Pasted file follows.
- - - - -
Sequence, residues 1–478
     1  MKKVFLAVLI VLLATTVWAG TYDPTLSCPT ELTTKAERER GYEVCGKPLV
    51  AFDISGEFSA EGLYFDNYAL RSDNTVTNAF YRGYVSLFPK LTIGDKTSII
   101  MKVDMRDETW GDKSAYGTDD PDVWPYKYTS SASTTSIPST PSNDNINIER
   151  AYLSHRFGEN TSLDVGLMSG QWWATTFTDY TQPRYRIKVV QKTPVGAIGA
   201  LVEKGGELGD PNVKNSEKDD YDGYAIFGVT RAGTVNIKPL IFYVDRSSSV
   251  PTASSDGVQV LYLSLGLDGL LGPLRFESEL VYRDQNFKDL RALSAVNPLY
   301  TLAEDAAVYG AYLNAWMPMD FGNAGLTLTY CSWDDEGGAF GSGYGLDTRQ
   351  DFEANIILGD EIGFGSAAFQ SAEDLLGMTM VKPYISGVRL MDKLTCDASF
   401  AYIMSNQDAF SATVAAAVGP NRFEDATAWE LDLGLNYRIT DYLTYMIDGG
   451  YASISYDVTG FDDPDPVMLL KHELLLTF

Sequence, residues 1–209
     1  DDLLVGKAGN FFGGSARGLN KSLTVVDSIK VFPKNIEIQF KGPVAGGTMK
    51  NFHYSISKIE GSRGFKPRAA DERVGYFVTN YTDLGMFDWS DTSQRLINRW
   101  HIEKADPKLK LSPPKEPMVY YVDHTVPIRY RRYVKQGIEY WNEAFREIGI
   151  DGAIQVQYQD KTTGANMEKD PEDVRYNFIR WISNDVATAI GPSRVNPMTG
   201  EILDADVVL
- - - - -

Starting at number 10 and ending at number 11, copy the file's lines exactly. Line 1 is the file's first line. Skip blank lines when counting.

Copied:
   401  AYIMSNQDAF SATVAAAVGP NRFEDATAWE LDLGLNYRIT DYLTYMIDGG
   451  YASISYDVTG FDDPDPVMLL KHELLLTF